Contemporary Issues in Technology & Teacher Education has a whole new look, and article URLs have changed. We have found 2 articles that may match the URL you entered or followed:

Developing Technology-Integrated Field Experience Sites in Urban Schools: Approaches, Assumptions, and Lessons Learned

by Josh Radinsky, University of Illinois at Chicago; Kimberly Lawless, University of Illinois at Chicago; Louanne Ione Smolin, University of Illinois at Chicago; & Mark Newman, National Louis University

The Teachers Infusing Technology in Urban Schools project (TITUS) at the University of Illinois at Chicago is developing an approach for addressing the shortage of opportunities for teacher candidates to experience technology being used effectively in high-need urban schools in the course of their field experiences. Beyond recruiting mentor teachers who are already adept at teaching with technology, our work has involved developing communities of experienced teachers within urban schools – prospective mentors for preservice candidates – whom we support in learning to teach with technology. In our first year of intensive work with these groups of potential mentors, we have found a number of assumptions and patterns of interaction that can present problems for infusing technology, and we have explored a number of strategies for addressing them. These challenges often involve a tradeoff between different approaches to professional development. Some of these challenges are presented in the paper, followed by examples of how we have addressed them in our project.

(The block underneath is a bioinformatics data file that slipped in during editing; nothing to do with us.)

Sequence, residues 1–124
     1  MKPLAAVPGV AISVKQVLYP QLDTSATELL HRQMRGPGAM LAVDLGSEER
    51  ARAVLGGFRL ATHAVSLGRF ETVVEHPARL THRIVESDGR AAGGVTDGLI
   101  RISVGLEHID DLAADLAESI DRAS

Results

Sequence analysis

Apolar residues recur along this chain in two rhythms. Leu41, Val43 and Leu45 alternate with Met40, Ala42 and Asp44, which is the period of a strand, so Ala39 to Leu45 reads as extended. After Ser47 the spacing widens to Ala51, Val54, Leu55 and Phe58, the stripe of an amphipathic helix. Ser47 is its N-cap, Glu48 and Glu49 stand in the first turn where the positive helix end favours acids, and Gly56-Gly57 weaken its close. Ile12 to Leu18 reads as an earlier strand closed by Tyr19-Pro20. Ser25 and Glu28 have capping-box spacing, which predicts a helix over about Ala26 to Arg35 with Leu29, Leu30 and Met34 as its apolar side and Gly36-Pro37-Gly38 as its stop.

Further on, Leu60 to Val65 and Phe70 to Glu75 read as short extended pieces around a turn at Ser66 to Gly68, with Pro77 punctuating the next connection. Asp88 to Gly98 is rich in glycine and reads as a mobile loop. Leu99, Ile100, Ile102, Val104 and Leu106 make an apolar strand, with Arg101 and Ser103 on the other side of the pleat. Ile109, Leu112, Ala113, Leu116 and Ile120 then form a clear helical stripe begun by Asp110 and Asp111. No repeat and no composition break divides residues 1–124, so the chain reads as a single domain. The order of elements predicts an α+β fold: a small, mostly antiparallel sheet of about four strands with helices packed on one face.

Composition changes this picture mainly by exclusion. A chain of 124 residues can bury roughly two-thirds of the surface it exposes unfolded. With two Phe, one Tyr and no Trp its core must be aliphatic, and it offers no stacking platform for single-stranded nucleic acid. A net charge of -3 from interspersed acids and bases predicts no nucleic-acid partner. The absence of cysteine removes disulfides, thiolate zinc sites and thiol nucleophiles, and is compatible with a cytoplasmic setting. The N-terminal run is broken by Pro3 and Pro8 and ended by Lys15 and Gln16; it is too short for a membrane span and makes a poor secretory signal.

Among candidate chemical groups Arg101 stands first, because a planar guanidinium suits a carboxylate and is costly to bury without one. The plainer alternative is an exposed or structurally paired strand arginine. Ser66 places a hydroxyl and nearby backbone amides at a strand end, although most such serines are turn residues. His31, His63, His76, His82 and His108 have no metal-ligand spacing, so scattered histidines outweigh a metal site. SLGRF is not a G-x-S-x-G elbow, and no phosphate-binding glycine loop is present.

A Five-Stage Model of Computer Technology Integration Into Teacher Education Curriculum

by Cheri Toledo, Illinois State University

Three teacher education programs were studied to explore the process of integrating computer technology into the curriculum. The focus of this study was to define the stages that schools, colleges, and departments of education experienced as faculty and students moved from lower to higher levels of computer technology use and integration. Data were gathered at the participating sites from three sources: teacher education faculty members, key informants, and focus groups. In-depth interviews were conducted with the key informants and with focus groups (administrator, key informant, faculty member(s), computer technology support person, and student). The gathered data were used to answer the research question: What are the defining characteristics of the stages of development that departments of education experience as they infuse computer technology into the teacher education curriculum? The findings of this research resulted in the emergence of a Five-Stage Model for computer technology integration into teacher education programs: pre-integration, transition, development, expansion, and system-wide integration.